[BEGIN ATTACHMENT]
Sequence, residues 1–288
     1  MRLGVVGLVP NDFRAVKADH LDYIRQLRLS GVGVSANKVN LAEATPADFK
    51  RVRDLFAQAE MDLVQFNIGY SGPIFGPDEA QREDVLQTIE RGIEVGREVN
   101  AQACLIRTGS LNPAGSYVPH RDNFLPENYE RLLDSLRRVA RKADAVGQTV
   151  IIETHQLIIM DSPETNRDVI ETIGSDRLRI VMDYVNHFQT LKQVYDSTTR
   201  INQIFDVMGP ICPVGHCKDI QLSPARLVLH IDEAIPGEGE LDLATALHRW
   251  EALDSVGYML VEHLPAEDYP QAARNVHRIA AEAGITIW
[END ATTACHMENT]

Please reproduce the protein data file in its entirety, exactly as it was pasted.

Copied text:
Sequence, residues 1–288
     1  MRLGVVGLVP NDFRAVKADH LDYIRQLRLS GVGVSANKVN LAEATPADFK
    51  RVRDLFAQAE MDLVQFNIGY SGPIFGPDEA QREDVLQTIE RGIEVGREVN
   101  AQACLIRTGS LNPAGSYVPH RDNFLPENYE RLLDSLRRVA RKADAVGQTV
   151  IIETHQLIIM DSPETNRDVI ETIGSDRLRI VMDYVNHFQT LKQVYDSTTR
   201  INQIFDVMGP ICPVGHCKDI QLSPARLVLH IDEAIPGEGE LDLATALHRW
   251  EALDSVGYML VEHLPAEDYP QAARNVHRIA AEAGITIW